The ACC is not new to being under the critic’s microscope
For years now, the ACC has been seen as what many would call a “one-trick pony,” having just a single team that stands out visibly above all the rest for several years at a time. We witnessed this phenomenon with Florida State back in the 1990s and with Clemson in the mid-to-late 2010s.
While this year may not be the start to anything consistent, we nonetheless saw a similar dynamic, as Florida State was far and away the only contender in the conference. The next team up to rake in some respect for the league was Louisville, and for what it’s worth, the Cardinals truly seemed like they could be a squad to keep an eye on for a moment there—just a moment.
Entering Week 13, the Cards were sitting pretty with a 10-1 record. While their loss was an ugly one (more on that later), they had wins over names like NC State and Notre Dame, each of which either hit or exceeded the nine-win threshold. And though the CFP committee’s rankings made it crystal clear that Louisville’s playoff window had been shut, the very-real chances of UL winning out was at least doing something to combat the “one-team conference” image.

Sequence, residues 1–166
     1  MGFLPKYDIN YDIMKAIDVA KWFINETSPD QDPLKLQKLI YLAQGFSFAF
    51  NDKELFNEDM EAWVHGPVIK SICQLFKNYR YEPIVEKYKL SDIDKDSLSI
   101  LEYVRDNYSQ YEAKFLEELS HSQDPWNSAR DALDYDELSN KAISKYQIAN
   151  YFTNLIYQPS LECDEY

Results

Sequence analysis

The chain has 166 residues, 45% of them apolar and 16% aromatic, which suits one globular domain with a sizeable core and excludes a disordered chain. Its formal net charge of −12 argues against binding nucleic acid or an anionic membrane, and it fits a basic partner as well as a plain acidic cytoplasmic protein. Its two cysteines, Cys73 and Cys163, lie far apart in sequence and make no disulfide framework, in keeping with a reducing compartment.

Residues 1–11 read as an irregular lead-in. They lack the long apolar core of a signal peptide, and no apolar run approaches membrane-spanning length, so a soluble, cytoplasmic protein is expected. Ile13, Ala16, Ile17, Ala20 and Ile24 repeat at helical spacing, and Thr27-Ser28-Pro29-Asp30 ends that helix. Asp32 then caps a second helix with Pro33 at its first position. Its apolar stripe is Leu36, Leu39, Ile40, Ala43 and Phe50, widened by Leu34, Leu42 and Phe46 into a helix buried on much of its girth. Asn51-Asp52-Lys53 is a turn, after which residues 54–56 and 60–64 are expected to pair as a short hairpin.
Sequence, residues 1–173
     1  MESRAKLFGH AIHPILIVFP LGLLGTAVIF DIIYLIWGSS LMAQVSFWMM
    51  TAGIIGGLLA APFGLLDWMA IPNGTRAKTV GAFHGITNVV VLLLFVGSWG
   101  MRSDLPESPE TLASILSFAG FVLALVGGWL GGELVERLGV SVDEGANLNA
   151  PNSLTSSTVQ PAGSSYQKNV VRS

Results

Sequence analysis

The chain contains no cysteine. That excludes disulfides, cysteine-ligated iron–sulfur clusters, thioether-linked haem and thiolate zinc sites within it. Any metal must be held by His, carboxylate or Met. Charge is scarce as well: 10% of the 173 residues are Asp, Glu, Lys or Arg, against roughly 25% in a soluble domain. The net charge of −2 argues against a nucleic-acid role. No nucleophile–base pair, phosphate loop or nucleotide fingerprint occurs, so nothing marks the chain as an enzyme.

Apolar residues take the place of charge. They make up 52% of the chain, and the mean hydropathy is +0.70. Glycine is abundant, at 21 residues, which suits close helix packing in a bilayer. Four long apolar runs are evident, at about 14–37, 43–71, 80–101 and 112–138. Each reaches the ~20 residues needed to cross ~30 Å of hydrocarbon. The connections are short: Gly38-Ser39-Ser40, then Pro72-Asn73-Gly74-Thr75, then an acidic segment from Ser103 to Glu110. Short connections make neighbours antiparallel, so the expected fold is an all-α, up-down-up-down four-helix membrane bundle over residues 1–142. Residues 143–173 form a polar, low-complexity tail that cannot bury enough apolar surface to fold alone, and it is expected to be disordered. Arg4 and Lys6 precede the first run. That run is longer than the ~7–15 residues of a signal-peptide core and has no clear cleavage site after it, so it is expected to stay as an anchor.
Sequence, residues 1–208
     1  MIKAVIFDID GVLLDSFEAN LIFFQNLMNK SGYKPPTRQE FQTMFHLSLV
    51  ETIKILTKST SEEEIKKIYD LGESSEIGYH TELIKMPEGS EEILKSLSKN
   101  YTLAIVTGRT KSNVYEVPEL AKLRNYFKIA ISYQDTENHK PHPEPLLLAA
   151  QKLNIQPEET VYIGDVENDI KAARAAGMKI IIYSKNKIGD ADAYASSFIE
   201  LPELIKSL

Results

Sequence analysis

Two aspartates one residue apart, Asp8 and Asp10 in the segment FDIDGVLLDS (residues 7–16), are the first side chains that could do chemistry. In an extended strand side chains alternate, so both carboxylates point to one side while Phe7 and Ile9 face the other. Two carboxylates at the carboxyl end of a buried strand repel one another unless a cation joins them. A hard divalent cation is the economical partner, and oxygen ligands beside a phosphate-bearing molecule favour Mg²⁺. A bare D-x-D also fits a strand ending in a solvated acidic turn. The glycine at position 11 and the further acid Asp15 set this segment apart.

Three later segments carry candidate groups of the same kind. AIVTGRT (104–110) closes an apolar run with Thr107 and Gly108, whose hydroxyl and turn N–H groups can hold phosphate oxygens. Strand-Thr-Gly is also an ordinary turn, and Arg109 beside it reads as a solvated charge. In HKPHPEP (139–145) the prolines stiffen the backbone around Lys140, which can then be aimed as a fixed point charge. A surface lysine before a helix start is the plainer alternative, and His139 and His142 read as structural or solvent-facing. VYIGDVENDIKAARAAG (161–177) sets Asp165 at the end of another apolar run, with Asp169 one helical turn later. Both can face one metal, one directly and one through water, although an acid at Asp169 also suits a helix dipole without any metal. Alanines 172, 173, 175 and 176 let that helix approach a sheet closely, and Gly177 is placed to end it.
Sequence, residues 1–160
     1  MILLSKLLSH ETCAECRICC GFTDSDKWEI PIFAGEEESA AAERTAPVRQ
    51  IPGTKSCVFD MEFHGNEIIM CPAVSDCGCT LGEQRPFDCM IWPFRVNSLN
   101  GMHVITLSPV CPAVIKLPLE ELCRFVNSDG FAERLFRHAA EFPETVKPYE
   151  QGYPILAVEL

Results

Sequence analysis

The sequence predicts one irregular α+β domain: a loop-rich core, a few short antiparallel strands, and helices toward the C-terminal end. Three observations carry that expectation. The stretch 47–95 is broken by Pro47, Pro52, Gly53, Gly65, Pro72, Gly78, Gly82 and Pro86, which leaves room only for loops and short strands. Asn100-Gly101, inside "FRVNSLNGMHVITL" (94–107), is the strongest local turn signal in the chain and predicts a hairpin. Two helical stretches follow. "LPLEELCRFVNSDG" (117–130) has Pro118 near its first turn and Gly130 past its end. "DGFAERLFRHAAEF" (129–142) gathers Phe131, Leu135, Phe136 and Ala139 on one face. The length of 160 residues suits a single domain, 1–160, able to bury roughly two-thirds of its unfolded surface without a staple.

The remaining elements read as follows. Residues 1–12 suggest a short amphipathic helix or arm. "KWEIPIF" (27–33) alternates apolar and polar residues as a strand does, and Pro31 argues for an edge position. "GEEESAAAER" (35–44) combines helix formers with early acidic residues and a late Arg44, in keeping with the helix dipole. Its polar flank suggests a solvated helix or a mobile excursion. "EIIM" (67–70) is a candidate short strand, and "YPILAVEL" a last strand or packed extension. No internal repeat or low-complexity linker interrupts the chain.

But alas, the conclusion of Louisville’s 2023 story was not so glorious. Rather, it turned out to be one of the most pathetic send-offs that we’ve seen in recent memory; so pathetic, in fact, that it encapsulated the flawed nature of the Atlantic Coast Conference in exquisite fashion.
How exactly did Louisville achieve such a sorry image?
First things first, the previously mentioned loss. When I say it was ugly, I mean the circumstances were about as unforgivable as a team looking for recognition could ever have, as the Cardinals lost by 17 to Pittsburgh, who finished 3-9. You cannot play in what is regarded as a weaker league, suffer a defeat like that, then ask for consideration in selecting names for a four-team bracket, so that was mistake #1. Mistake #2 was losing again, to another heavily flawed team, but this time it was from the SEC.